Women vote in Saudi Arabia – a different kind of revolution?

By Jonathon Graham

Over the course of the Arab spring, Saudi Arabia has remained relatively unmoved by the turmoil that has engulfed North Africa and the Gulf region in recent months. Yet despite the lack of the extensive protests that have characterised the changing of the political guard in Tunisia, Egypt and Libya and the current campaigns being waged in Yemen and Bahrain, the rigidly conservative Islamic kingdom has not been without its own unique stirrings of civil unrest.

In recent months, a small collective known as Women2Drive has taken to the internet to post videos of their members breaking the country’s female driving ban. This has also been accompanied by a rising number of Supreme Court cases concerning legal challenges brought by women against the kingdom’s strict guardianship laws, which prevent women from performing various daily tasks without the express permission of a male custodian.

Significantly, these small, yet meaningful, protests do not appear to have fallen on deaf ears. At the opening of the new term of the Shura Council last Sunday, King Abdullah announced that, for the first time, women will be allowed to vote and stand in municipal elections within the next four years, leaving the Vatican City as the only sovereign entity to explicitly prohibit women from voting.

As much as any supposed step forward brought about by the Arab spring, this reform will have a huge effect on Saudi society. Crucially, however, it appears destined to do so in the absence of western backed calls for democratic reform. Unlike the nominal democracies of Tunisia and Egypt, Saudi Arabia has instituted reform according to its own views and without outside help. As such, the reform should be celebrated as a break through moment for Saudi women and equality as a political concept.

Equality, as an ideal, matters primarily because no ruling institution can be deemed legitimate if it does not show equal concern and respect for all those under its jurisdiction. Any independently distinct group that is discriminated against, or excluded from a decision making process, because of an arbitrary characteristic cannot be said to be treated fairly.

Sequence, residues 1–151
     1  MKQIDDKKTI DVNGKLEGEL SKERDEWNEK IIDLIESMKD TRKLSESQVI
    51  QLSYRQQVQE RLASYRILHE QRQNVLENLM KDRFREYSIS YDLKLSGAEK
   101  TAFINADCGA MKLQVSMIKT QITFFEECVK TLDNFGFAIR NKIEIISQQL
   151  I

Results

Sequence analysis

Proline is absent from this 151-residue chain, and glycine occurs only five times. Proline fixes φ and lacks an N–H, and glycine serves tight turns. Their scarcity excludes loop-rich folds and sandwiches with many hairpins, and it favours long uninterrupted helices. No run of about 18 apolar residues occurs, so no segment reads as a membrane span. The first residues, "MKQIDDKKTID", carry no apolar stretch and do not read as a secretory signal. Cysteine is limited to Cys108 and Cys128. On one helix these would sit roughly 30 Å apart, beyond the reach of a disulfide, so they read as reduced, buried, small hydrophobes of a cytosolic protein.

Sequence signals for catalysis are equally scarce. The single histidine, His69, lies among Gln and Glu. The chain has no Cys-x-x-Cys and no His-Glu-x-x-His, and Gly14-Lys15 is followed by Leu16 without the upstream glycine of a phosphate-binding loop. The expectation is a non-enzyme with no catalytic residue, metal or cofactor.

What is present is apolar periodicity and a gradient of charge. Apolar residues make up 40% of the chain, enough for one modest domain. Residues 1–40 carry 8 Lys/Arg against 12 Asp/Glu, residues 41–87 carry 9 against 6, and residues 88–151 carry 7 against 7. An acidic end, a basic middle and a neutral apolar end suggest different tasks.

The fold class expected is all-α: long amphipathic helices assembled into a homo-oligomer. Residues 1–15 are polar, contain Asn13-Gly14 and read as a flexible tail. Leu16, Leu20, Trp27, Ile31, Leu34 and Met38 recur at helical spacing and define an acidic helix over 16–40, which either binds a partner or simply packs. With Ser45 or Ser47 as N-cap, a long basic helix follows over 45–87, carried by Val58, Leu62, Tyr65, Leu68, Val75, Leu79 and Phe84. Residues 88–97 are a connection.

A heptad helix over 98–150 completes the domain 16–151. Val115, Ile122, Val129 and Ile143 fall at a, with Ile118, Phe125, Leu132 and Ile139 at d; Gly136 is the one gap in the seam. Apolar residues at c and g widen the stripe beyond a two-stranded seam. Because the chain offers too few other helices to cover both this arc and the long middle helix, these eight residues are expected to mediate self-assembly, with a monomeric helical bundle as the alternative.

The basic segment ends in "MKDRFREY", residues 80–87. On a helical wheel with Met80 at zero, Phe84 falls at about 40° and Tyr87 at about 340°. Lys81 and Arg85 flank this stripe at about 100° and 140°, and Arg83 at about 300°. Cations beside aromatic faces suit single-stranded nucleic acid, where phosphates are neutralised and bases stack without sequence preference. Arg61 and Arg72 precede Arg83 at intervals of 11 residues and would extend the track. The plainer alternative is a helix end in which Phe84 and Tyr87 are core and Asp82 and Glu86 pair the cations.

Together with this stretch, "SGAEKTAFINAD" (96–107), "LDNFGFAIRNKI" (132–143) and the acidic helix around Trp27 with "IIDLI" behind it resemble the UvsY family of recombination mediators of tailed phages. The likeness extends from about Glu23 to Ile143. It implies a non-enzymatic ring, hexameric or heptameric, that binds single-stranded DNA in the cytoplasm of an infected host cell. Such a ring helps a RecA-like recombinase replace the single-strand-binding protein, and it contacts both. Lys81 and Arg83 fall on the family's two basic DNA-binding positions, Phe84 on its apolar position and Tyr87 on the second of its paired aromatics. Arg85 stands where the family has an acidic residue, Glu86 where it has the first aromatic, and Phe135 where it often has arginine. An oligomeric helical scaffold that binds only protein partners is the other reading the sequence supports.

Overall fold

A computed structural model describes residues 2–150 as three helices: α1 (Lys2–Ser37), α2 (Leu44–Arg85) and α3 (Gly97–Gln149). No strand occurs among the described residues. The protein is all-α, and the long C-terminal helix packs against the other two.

Even in the absence of parliamentary or presidential elections, it is not hard to see how the current system in Saudi Arabia falls short of providing women with equal concern and respect when compared to men. If the Shura Council is open to election by the general public, then excluding women from this vote, no matter how little legislative power the council actually holds, is an overt denouncement of equality.

As a result, the decision to allow women the vote is momentous not simply because it offers them a certain modicum of democratic power, but because it grants them a fundamental privilege which was previously denied them on the basis of their gender alone. It is on these grounds that we should judge King Abdullah’s decision to allow women the vote. Equality is about treating people impartially and not about granting them a set of specific freedoms, or ruling in a certain manner.

One particular comment below the main BBC article detailing this story reflects this misconception perfectly. According to the author of the remark, it was no surprise that conservative Saudi Arabia was almost a century behind liberal Britain in offering women the opportunity to vote. Unfortunately, this type of approach is common amongst liberal commentators who wrongly associate the demands of equality with the requirements of liberal democracy.

In general it is assumed that liberal democracies provide the most fertile ground for equality to flourish. This is due in no small part to the fact that in granting every citizen, regardless of gender, race or religion, the right to elect the ruling class, it offers an obvious example of the way in which a government may treat its members with equal concern and respect. By contrast, in Saudi Arabia where the strict Sunni Islamic law of the monarchy is hereditary and absolute this link is much more opaque.

Nevertheless, as a conservative monarchy, Saudi Arabia is just as capable of treating its citizens with equal concern and respect as its more liberal counterparts, whether it offers the same overall basic package of freedoms or not. To assume differently is to subscribe to the imperialistic mantra that has soured relations between the east and west for centuries.

If equality is truly concerned with treating people as equitably as possible, then the nature of the treatment itself is of secondary concern. We may not believe in religion or monarchy as ruling institutions, yet this does not automatically mean that those who do are open to unfair treatment. If this reform is indeed a harbinger of things to come it should be heralded as a triumph for equality and not as a half measure.

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